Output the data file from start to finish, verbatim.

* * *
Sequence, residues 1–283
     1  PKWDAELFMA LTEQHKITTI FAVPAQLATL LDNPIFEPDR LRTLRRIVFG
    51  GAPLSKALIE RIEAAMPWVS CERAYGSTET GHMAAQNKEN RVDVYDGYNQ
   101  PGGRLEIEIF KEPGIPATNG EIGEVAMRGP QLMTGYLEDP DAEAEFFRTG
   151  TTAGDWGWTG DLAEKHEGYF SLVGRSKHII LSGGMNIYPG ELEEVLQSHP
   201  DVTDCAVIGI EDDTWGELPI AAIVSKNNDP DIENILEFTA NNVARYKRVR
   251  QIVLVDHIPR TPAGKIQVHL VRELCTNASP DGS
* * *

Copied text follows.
Sequence, residues 1–283
     1  PKWDAELFMA LTEQHKITTI FAVPAQLATL LDNPIFEPDR LRTLRRIVFG
    51  GAPLSKALIE RIEAAMPWVS CERAYGSTET GHMAAQNKEN RVDVYDGYNQ
   101  PGGRLEIEIF KEPGIPATNG EIGEVAMRGP QLMTGYLEDP DAEAEFFRTG
   151  TTAGDWGWTG DLAEKHEGYF SLVGRSKHII LSGGMNIYPG ELEEVLQSHP
   201  DVTDCAVIGI EDDTWGELPI AAIVSKNNDP DIENILEFTA NNVARYKRVR
   251  QIVLVDHIPR TPAGKIQVHL VRELCTNASP DGS